Project: InfraVis – National Research Infrastructure for Visualisation of Data
InfraVis will create a common gateway to Swedish visualization resources and enhance the competence of researchers in various fields around the country. The resources include both hardware and software but, above all, human expertise. The project is an initiative of nine Swedish universities, with Chalmers University of Technology as principal investigator and Linnaeus University as one of the partners, and is funded by the Swedish Research Council.
Facts about the project
Project manager Professor Andreas Kerren (Lnu node coordinator) Other project members Lnu members: Andreas Kerren, Ilir Jusufi, Kostiantyn Kucher, Rafael M. Martins Contact persons for InfraVis: Monica Billger (PI of InfraVis, Chalmers), Cecilia Lindhé (Gothenburg universitet), Tino Weinkauf (KTH), Anders Ynnerman (Linköping University), Andreas Kerren (Linnaeus University and Linköping University), Melvyn B. Davies (Lund University), Mårten Sjöström (Mid Sweden University), Karin Danielsson (Umeå University), Ingela Nyström (Uppsala University) Participating organizations Chalmers University of Technology (Chalmers), Linköping University (LiU), Linnaeus University (LNU), Lund University (LU), MidSweden University (MIUN), Royal Institute of Technology (KTH), Umeå University (UMU), University of Gothenborg (UGot), Uppsala University (UU) Financier Swedish Research Council Timetable 2022-01-01 to 2026-12-31 Subject Computer Science (Department of Computer Science and Media Technology, Faculty of Technology) Research group Information and Software Visualization (ISOVIS) Webpage https://infravis.se
More about the project
Essentially all academic research of today relies on analysis of data from a wide range of sources such as: experiments, sensors, modelling, simulation, or mining of data repositories. Several underpinning, and rapidly developing, technologies are supporting the analysis of this data. Visualization serves as an interface to this ecosystem of tools and methods and integrates them into environments supporting scientific workflows, effectively sharing cognitive load between computers and humans. There is, however, a gap between the state-of-the-art in visual data analysis and current wide-spread academic practice. Support for the introduction of new, improved and tailored, visual data analysis environments thus have the potential to address challenges involving large and complex data, creating competitive advantages for Swedish researchers.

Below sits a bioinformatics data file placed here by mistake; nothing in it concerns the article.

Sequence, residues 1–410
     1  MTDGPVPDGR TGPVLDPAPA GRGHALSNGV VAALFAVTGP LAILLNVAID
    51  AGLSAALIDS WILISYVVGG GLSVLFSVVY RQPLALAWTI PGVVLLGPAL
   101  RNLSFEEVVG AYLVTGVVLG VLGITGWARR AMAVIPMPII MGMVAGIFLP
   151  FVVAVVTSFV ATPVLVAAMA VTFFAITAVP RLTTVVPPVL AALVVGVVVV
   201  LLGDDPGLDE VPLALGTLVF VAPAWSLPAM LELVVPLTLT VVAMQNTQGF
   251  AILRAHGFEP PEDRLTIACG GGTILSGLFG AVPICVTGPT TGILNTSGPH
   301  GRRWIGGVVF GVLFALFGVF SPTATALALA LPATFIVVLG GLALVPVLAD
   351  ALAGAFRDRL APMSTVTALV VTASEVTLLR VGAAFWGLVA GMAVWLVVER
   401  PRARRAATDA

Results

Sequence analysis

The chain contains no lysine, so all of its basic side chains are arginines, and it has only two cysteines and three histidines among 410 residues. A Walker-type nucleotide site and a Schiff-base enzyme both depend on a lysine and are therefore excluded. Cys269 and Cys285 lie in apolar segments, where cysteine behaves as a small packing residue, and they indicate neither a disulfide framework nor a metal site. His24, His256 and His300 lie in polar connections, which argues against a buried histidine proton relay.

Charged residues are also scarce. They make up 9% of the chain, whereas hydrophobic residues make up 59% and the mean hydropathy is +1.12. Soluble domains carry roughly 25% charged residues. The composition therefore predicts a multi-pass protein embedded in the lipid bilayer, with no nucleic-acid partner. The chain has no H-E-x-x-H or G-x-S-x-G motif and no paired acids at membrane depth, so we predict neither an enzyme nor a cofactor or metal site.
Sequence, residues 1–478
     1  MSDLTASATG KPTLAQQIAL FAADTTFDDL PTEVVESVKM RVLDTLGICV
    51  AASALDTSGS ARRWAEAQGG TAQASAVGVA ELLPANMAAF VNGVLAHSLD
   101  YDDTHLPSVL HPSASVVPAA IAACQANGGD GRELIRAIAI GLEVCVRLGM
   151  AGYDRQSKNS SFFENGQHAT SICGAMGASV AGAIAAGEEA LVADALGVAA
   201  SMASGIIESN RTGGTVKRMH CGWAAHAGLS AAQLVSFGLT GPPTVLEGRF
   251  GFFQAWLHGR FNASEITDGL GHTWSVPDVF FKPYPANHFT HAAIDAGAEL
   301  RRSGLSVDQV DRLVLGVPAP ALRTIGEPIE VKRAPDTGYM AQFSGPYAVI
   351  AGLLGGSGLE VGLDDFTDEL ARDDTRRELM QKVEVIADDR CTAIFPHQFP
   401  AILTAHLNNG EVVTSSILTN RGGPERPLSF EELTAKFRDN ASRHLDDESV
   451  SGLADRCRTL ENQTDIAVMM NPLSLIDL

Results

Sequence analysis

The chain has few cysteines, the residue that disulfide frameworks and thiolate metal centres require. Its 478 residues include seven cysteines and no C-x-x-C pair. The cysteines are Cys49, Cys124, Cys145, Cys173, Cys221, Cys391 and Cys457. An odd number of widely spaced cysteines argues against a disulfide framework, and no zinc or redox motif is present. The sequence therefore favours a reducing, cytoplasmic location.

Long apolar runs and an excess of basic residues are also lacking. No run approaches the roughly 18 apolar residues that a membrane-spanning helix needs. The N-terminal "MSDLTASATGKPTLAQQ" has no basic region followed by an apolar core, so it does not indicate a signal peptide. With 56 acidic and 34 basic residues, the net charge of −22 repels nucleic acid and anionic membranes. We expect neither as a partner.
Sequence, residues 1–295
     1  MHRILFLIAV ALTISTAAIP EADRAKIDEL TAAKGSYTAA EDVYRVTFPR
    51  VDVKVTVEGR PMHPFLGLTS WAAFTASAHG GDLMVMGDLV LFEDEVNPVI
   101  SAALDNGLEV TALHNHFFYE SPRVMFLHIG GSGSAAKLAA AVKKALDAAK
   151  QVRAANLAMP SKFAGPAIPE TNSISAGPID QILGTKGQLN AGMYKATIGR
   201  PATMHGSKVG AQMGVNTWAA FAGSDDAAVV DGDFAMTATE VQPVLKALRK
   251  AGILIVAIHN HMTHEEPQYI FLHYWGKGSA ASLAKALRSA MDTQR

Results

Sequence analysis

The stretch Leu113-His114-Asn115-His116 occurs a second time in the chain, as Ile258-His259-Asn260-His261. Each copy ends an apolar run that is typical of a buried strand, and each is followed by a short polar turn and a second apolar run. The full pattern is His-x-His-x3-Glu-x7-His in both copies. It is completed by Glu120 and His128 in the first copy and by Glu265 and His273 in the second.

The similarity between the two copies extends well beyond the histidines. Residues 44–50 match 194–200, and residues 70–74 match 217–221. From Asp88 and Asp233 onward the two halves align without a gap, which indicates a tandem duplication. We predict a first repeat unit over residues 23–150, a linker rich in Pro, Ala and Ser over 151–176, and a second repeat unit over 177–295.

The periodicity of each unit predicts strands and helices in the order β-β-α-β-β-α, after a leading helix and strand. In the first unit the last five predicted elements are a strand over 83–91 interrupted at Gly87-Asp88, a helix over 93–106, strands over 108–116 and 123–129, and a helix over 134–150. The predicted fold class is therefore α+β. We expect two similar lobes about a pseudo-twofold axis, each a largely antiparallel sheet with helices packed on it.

To fill the gap and capitalize on this opportunity, the InfraVis initiative has been created with the mission to operate an infrastructure consisting of visualization experts, software solutions, and access to high-end visualization laboratories. Users of InfraVis will be offered assistance through a national helpdesk with rapid response times as well as in-depth projects addressing data and software challenges. InfraVis will also provide software solutions based on development within connected research groups, curation of international software and best practise, and user training in the form of courses, seminars and on-line documentation. To build an infrastructure with national coverage, we have pooled together nine visualization environments in Sweden interconnected in a nodal structure. The nodes will be hosted in proximity to research environments in visualization, which enables direct access to the research front as well as to state-of-art facilities. InfraVis can be used both as an input to various resources to solve simpler problems and issues but will also offer support at a more advanced level, which also includes software development. InfraVis will have strong connections to and collaborations with other local, national and international research infrastructures. For example, SNIC users, researchers at MAX IV, CERN researchers and initiatives from the life sciences and digital humanities will be able to benefit from access to visualization expertise.